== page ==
by Veronica Louis

Chuck Palahniuk: Literary MastermindWho is Palahniuk? Two words: Fight Club. Before the film starring Brad Pitt and Edward Norton became a cult classic, it was a book written by none other than Mr. Chuck Palahniuk.

Authors to me are like über superstars. I would gladly wait in line for hours to meet my favorite author, but I’m not so sure I would do the same for my favorite musical act. So when I heard that Palahniuk was coming to Montreal in 2009 for a book reading tour to promote his book Pygmy, I was more than eager to purchase the book the day it was released and attend the event.

In real life, Palahniuk was a hoot. I remember him having a natural charismatic attitude and cracking jokes every other sentence. I don’t remember why, but the night of the book reading he was wearing a kilt. And he owned that kilt like a supermodel owns six-inch stilettos.

After the book reading I patiently waited in line to get my book signed, I was flushed with anticipation as my turn was approaching.

“Chuck! I love your books! All your books!” I gushed. “You are amazing!” I’m telling you… I was star struck. He was all smiles as he thanked me. “I want to write too,” I told him. And he told me that the trick was to write the way I spoke. That way, the result can reflect reality. I thanked him profusely for his advice. He signed my book, and I felt inspired.

As I walked away I opened the book to the page where he had signed it and it was as if a cupid arrow pierced my literary heart. In my book he had written, “To Best Future Rival Writer Veronica!! Write the way you speak.” True, there is the slight possibility that he writes this for all the other aspiring writers, but I rather not dilute my Palahniuk moment with such skepticism.

The first rule about writing? There are no rules.

That is if you are Chuck Palahniuk. You know how they say you got to know the rules to break them? Not only does Palahniuk break all the literary rules he manipulates them until they’re no longer recognizable. For example, in his book Pygmy, the main character, a teenage terrorist, narrates the book in his own shattered English of misplaced verbs, nouns, prepositions and made up tenses. Here is how the book starts, “Begins here first account of operative me, agent number 67, on arrival Midwestern American airport…” And the whole book is written in that style with the occasional censored and blacked out word.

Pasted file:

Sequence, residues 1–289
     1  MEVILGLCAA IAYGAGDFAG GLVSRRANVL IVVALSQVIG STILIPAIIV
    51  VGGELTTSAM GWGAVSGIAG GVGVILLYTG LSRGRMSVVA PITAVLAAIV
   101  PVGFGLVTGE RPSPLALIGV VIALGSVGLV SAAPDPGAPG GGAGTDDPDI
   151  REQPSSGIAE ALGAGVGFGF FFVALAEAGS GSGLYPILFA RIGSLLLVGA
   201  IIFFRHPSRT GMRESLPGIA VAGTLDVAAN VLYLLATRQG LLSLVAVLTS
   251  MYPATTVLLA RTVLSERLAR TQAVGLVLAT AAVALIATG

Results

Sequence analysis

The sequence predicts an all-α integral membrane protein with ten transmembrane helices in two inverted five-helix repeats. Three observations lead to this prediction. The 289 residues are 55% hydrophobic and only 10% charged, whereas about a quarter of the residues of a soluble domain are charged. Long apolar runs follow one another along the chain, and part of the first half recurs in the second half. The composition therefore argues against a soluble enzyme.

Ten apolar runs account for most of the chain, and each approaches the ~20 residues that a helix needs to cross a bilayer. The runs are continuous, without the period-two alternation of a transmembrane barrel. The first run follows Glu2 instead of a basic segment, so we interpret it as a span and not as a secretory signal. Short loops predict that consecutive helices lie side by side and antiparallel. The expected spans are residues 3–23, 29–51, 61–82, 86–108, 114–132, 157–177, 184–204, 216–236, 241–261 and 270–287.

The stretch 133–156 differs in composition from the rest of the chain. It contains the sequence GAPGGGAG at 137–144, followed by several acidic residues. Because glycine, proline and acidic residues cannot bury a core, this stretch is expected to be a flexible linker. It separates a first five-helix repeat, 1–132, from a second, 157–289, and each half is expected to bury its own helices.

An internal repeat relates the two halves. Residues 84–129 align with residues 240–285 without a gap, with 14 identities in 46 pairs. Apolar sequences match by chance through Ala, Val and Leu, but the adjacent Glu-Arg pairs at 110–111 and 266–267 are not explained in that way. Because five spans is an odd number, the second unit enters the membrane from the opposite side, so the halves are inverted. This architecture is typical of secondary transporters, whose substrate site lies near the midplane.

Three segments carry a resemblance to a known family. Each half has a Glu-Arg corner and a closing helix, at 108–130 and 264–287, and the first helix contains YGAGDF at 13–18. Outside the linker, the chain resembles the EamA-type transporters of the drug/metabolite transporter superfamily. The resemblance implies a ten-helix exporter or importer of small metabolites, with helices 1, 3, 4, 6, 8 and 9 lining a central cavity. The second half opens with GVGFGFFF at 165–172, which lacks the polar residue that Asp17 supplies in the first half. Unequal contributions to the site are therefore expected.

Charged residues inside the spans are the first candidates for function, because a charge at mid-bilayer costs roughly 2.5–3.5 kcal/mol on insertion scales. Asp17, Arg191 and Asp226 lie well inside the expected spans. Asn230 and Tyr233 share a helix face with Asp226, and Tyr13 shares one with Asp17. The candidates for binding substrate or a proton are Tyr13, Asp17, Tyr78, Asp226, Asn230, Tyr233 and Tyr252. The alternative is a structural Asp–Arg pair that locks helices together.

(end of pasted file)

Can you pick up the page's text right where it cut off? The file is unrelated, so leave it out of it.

I would argue that Chuck Palahniuk is a literary genius. And by genius I mean mastermind. His books are “Chuck-full” of dimensionality, his characters are unforgettable, and Palahniuk is in a league of his own.

I can’t even accurately pinpoint what genre his books fall into. They’re definitely fiction, with a mix of surrealism, satire, horror, eroticism and even tragedy. No surprise his books do not fit nicely into one category.

Some of Palahniuk’s books are more surreal than others. The way he can subtly infuse a layer of surrealism in many of his novels is something that I have never encountered before. The things that defy current science and reason are so well integrated in his stories that you almost start believing them like a Star Wars nerd believes in the “Force.”

For example in his book Lullaby, a seemingly innocent thing such as an ancient lullaby becomes a deadly and fatal tool to those who know it. In his book Diary, Palahniuk exploits the idea of the Stendhal Syndrome, the syndrome where people fall ill in face of extreme beauty.

Palahniuk also plays a lot with time. He jumps in and out of time as if the space and time continuum was something to be bended and meddled with. You’re not completely safe or anchored on the dimensional plane until the very last page where and when everything magically comes together and you finally have a bird’s eye view of the grander picture of how everything fits together.

Palahniuk’s characters are so excruciating real it’s incredible. They are so real to me, that after reading his books, the novels play out in my head as a movie. Furthermore, you never really have his characters figured out, because just like everything in the universe they are forever changing and in constant states of impermanence. You cannot take for granted what you think or know is real. Even at the end of the book you’re left with a “what-just-happened” feeling. It’s not that there isn’t resolution, it’s just that the resolution might not be what you expect, and you feel as if the story goes on beyond the last page of the book.

All in all, I think Palahniuk has the touch, that special gift that is endowed upon a minority to move masses into shifting their way of perceiving things and thinking outside the box. Not to mention, that his rhyming name is amusing to say.

As I’m writing my own novel I find it increasingly important to read more and more. Every book I read is part of my collective muse. Every writer puts some soul into his or her work, and as I read I have access to his or her soul for a period in time. I have the greatest respect for those who can stimulate others just by the way they manipulate words. Words are merely a succession of letters until they are wrought into powerful tools of imagination.

So I have Palahniuk and hundreds of other writers to thank for inspiring me and awakening that creative spark within me that makes me want to in turn, share part of my soul with the rest of the world.

I heart you Palahniuk!

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